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Hit the Ground Running with Your New Team


By Tom Davidson

In addition to being responsible for your own work group, new managers are likely to be on four to five additional committees, task forces or teams at any one time. Over the course of a year, you’ll be starting up, tuning up or turning around teams on a continuous basis. 

In addition, you’ll attend 62 meetings a month, and half of them will be a waste of time because of poor planning, leadership or time management. To be successful in this environment, here are the principles that will help you hit the ground running with all your team assignments.

  1. Purpose – Why are you in existence? This is the single most important factor to address with every team. Do not proceed unless you and your team members can answer this central question with essentially the same five to seven words (e.g., We are hear to plan project x).
  2. Goals – Have you ever loaded up the car and started on a trip without knowing where you were going? Teams are the same way. Start with the end in mind or you will surely waste time, frustrate the team and miss the target.  Your goals may be quantitative, qualitative, and time bounded. Be specific (e.g., Our goal is to recommend action steps, timelines and responsible parties and deliver that in writing to the end of the month).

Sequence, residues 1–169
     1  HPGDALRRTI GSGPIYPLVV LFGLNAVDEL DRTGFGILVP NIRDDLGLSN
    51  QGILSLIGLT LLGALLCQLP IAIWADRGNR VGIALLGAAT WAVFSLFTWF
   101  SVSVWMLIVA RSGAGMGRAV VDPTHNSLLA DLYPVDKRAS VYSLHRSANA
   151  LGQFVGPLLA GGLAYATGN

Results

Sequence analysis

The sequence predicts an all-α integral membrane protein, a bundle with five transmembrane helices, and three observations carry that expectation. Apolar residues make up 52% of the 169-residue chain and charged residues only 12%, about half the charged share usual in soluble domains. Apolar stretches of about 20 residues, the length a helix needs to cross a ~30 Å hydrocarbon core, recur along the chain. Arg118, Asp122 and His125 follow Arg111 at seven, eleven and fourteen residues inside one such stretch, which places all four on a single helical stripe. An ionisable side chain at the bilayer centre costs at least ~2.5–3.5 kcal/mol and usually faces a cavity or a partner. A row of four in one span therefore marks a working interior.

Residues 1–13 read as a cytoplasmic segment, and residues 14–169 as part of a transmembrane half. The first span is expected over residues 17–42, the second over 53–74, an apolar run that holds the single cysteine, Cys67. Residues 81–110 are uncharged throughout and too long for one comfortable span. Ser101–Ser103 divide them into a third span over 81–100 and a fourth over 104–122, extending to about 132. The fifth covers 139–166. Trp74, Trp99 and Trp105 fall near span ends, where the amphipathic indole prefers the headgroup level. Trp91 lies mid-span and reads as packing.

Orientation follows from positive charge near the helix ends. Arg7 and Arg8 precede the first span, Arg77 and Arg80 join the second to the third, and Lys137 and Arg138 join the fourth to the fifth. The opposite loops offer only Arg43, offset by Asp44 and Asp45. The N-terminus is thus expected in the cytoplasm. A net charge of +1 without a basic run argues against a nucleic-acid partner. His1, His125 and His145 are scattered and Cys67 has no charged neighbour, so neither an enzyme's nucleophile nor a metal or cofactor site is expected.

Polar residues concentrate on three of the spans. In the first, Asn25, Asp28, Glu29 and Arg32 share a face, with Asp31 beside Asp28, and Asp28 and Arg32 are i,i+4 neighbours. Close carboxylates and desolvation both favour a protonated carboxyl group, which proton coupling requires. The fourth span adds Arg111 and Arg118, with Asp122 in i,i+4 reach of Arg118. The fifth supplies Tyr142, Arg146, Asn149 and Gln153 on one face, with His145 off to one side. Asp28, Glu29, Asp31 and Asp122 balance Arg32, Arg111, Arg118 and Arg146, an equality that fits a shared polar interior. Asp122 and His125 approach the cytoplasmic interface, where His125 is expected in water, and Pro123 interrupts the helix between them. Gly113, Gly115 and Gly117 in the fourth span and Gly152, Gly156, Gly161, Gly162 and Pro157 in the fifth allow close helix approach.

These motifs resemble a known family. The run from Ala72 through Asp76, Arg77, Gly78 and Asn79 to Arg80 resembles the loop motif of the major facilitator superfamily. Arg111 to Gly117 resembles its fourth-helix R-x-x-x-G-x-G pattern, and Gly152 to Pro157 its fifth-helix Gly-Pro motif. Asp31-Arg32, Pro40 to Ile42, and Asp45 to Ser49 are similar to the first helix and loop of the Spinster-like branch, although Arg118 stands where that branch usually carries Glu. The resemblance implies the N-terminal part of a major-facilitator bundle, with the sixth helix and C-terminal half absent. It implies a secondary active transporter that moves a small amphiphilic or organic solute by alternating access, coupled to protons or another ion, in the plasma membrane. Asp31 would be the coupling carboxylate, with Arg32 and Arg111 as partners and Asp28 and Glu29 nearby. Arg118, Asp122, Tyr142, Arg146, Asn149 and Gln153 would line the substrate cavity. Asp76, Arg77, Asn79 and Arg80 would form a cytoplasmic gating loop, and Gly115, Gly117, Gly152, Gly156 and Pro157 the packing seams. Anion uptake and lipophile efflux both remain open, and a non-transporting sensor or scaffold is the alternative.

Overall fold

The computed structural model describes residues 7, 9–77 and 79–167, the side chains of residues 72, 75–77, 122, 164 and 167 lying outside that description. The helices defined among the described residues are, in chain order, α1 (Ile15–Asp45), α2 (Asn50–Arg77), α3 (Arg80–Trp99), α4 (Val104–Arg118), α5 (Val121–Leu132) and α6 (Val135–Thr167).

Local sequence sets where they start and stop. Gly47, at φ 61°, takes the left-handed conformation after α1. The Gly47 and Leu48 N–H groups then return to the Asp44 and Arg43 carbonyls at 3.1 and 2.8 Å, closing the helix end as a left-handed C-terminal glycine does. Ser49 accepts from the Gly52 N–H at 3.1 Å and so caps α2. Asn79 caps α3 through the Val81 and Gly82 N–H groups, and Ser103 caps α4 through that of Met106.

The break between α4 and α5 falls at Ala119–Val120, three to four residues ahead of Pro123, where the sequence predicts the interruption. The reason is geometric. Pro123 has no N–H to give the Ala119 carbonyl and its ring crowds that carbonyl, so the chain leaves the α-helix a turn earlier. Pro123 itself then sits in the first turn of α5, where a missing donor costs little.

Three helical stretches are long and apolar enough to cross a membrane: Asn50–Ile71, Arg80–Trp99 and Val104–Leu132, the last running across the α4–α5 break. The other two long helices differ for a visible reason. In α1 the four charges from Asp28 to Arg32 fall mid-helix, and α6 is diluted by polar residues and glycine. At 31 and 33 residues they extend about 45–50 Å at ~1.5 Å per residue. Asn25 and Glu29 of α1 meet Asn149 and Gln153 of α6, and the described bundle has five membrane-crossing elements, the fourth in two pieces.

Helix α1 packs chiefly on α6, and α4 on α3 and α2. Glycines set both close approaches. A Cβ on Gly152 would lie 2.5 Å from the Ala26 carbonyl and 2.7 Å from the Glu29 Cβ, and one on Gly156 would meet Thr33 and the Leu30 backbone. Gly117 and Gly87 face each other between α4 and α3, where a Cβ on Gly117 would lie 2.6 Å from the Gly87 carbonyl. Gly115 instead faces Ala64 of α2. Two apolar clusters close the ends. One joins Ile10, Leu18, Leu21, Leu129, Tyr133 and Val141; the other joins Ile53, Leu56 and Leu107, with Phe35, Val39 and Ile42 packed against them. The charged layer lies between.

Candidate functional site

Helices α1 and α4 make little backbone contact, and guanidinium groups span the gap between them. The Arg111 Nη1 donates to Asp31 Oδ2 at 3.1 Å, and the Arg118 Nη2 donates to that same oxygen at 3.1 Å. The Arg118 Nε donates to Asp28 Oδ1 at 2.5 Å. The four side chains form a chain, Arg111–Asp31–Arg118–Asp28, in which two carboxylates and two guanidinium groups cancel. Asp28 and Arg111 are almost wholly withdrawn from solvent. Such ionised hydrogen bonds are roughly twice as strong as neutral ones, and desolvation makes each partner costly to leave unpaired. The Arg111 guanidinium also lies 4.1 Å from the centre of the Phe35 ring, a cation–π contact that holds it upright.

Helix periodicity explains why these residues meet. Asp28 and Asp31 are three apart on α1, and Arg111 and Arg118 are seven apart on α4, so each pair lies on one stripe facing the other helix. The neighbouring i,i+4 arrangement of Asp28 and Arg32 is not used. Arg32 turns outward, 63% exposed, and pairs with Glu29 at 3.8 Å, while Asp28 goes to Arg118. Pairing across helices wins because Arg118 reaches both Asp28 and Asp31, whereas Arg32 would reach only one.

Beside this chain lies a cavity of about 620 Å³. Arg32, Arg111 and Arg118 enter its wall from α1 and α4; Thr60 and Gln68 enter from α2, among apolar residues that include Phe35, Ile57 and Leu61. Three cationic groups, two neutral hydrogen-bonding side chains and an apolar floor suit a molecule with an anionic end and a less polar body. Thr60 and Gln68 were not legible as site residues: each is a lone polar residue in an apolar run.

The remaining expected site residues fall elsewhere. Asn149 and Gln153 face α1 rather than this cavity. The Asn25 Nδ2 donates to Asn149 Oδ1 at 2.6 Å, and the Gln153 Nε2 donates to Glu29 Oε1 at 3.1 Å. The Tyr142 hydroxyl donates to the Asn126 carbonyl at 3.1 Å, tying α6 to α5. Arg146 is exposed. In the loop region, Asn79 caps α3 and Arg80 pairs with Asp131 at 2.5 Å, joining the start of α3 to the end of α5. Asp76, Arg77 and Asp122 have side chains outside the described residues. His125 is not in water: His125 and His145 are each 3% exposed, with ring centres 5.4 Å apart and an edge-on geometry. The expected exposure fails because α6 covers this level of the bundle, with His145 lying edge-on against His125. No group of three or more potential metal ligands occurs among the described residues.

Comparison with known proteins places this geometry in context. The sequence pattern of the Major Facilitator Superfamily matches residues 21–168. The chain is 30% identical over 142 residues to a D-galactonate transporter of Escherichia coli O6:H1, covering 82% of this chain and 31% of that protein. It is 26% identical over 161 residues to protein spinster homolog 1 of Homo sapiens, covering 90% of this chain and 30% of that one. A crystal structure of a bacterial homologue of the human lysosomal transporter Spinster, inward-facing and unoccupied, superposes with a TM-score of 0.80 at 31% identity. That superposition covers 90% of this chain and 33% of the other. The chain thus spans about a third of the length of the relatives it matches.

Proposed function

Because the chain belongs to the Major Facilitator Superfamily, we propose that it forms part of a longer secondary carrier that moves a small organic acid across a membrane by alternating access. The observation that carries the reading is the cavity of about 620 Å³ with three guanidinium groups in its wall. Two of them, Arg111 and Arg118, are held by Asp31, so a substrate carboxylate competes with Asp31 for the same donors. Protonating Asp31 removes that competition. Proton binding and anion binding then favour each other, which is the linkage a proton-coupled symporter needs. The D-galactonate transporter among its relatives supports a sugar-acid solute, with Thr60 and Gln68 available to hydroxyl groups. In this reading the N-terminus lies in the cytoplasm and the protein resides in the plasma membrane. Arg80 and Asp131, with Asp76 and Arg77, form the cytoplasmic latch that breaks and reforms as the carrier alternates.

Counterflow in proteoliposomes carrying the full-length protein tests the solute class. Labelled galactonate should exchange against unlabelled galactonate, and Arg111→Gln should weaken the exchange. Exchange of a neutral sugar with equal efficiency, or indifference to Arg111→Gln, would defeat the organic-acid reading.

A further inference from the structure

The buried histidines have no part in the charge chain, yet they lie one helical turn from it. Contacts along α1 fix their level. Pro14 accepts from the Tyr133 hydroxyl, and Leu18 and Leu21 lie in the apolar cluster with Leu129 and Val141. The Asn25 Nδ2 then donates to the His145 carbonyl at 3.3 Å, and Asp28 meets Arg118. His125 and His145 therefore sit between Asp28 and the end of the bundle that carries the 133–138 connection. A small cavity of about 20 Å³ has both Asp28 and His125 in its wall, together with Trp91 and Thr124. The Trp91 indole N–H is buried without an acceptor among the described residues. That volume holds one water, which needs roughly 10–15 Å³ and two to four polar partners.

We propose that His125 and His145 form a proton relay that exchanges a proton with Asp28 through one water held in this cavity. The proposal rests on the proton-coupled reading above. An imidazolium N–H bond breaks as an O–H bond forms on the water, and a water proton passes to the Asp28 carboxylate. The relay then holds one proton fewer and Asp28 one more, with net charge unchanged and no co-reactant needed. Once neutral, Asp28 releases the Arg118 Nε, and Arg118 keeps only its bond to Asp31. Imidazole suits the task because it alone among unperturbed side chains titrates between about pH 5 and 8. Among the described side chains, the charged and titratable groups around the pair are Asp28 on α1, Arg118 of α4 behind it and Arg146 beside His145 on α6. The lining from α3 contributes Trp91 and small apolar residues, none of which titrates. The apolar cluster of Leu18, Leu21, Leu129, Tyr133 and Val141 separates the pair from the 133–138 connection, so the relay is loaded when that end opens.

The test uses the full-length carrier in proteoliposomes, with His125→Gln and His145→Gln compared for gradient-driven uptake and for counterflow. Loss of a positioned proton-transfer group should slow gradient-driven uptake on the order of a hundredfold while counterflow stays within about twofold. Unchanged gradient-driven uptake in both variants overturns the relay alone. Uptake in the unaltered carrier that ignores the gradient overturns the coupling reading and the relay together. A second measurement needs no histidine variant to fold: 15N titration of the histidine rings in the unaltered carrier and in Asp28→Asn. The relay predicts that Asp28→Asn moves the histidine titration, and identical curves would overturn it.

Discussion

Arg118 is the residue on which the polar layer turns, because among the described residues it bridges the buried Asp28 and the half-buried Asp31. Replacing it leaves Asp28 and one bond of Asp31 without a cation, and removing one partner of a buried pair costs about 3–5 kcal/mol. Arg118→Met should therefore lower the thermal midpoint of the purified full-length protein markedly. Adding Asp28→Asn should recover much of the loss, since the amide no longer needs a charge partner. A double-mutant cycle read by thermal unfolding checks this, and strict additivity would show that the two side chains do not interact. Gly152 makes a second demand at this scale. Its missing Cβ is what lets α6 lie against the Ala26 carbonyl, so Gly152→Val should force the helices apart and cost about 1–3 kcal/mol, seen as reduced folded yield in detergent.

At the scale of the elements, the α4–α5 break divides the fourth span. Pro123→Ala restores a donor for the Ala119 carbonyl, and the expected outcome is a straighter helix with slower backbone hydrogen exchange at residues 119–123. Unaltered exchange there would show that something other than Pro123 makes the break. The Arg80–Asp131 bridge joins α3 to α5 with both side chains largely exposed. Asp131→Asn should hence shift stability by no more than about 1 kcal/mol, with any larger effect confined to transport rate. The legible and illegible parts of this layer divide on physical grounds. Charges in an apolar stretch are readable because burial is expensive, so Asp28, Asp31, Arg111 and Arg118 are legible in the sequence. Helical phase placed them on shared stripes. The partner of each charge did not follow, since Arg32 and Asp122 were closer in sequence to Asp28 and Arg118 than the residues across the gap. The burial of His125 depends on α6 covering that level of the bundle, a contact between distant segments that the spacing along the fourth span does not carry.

3. Process – Without a road map, your meeting is likely to take many unexpected turns, leading you to dead ends and driving you in circles. Most meetings have three to five parts (e.g., process statement, process clarification, updates, problem solving and next steps).
  4. Roles – Who’s driving the bus? Many contemporary teams are leaderless in nature because they are made up of colleagues at roughly the same level of authority (e.g., facilitator, timekeeper, note taker).
  5. Ground Rules – Ground rules come from baseball. Every baseball stadium in the world has rules that govern how the two teams will compete in that venue. Each of your teams is a unique venue with unique players; so outlining a few ground rules about how the conversation will take place will keep the “players” operating with efficiency (e.g., we strive for consensus decisions, we make sure everyone is heard from equally, we stay on topic unless we agree to change the process).

Attend to these five principles, and you’ll keep your teams on track and out of the ditches, even when you’re not the formal or appointed leader.


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